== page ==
Saturday, February 16, 2008

Awed and Bedazzled

When I became a teenager in the 80s the standards of beauty were not nearly as unattainable as they are now. There was the stuffed, padded and white-washed Bollywood star beautiful that no one seriously considered a benchmark – they were them and we were us and the twain was not meant to meet. The sari clad models on the cover of the Indian glossies (which were the only kind that were easily available at time) looked quite real.

Even so confidence in physical appearance was not easy to come by or keep for an adolescent girl. Beauty potions both home made and over the counter were extremely popular. When girls came of age, they were stacked up against cousins, friends and neighbors mainly based on their looks. There was always this one girl in everyone’s acquaintance who was considered the paragon of beauty – every one else merely a distant also-ran.

This girl was placed on a pedestal and made to believe she was destined for greatness by way of marriage to a very successful (and handsome) man. The other girls in her vicinity looked up to her in awe and admiration even as they nursed a feeble hope of landing a reasonable catch in the marriage market. Apsara-in-waiting depending on her family was also pushed to excel in academics and extra-curricular activities.

The gawkers were not match for this formidable beauty plus brains combination but they did struggle (mostly in vain) to catch up. Surprisingly enough it was not because they seriously lacked in either area. What they did not have was a healthy self-esteem. While, everyone and their grandmother was promoting and marketing the Apsara brand, there was no chorus line signing the praises of the hapless gawker . The lack of attention and appreciation fed her insecurities and she never shone as bright as she could otherwise have. She came to accept that she was plain and somewhat obtuse just as everyone else around her did. I was a gawker once.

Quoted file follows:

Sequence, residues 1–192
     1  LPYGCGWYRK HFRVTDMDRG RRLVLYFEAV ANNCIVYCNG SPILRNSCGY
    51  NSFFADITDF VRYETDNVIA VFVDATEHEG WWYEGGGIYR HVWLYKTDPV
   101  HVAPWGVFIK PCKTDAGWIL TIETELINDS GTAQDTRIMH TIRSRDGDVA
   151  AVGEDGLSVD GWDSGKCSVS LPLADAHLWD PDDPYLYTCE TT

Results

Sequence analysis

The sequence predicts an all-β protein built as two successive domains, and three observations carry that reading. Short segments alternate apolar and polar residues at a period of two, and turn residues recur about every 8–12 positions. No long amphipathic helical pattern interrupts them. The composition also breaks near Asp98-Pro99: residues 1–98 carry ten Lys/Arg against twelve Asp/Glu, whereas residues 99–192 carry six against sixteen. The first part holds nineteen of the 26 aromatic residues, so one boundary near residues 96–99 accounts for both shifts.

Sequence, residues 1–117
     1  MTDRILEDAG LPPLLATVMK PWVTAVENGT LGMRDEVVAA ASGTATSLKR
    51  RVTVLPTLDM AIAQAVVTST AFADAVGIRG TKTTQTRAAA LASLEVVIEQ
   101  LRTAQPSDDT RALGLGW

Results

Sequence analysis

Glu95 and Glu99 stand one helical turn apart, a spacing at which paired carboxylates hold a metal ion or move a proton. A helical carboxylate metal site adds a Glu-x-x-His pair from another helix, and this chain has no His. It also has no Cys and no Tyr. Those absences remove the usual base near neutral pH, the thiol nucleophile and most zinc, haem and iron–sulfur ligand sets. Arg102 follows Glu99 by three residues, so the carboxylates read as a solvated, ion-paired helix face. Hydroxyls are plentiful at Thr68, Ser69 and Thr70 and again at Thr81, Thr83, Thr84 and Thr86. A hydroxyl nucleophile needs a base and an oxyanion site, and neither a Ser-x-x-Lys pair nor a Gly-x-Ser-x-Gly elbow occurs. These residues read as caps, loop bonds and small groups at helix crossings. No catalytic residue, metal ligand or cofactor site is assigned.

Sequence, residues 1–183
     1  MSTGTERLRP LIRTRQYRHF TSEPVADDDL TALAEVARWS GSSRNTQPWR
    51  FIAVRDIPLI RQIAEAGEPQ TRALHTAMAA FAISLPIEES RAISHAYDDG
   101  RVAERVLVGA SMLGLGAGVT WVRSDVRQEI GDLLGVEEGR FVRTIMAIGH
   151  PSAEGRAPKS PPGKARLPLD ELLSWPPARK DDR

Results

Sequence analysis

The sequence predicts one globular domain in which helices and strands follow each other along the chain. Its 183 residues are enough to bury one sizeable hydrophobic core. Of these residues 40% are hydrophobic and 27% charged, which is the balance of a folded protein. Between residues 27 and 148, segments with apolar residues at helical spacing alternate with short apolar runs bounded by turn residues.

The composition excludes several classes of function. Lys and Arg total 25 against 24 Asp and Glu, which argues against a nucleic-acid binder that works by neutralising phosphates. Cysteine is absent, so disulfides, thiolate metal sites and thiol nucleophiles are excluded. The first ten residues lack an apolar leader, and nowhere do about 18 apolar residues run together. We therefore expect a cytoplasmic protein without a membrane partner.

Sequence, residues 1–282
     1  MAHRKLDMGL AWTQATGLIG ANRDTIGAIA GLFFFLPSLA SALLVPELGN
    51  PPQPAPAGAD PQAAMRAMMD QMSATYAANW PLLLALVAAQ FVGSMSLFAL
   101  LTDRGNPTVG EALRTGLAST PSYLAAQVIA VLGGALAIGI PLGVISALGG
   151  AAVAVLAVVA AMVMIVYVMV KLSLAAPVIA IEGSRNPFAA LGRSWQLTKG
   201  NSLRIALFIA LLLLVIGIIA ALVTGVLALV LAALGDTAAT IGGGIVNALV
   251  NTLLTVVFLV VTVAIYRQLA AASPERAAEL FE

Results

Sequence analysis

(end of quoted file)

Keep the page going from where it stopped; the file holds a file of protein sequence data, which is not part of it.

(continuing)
I might have remained a gawker for life but for a few lucky things that happened to me. My mother had been a gawker in her time and had somehow managed to become the most charming and sophisticated woman I know. She said to me once “At sixteen everyone is beautiful – that is the way youth is supposed to be. Many will remain charming in their twenties as well, some to their thirties. We all owe it to nature’s bounty. To remain youthful and attractive at forty and older takes nurture, strength of character, discipline and confidence. It has nothing to do with physical appearance. Very few last that long and that’s what counts”

She taught me a woman’s beauty had the least to with her body and the most to do with her mind. That an attractive mind paired with a healthy body scores over mere physical beauty. I learned what it took to stand out in a crowd, as opposed to being just another pretty face. She would say “If you run with the herd, you will look like one of the herd. No one will remember you. Can you tell one beauty pageant contestant from the other after they have all paraded away ? They are all strikingly beautiful girls and yet very little sets them apart. To stand apart from the crowd, you have to have a mind that is able to think deeply and unconventionally. Your mind is what is reflected in your external appearance. Always think and be different. Never try to fit in. Create you own style”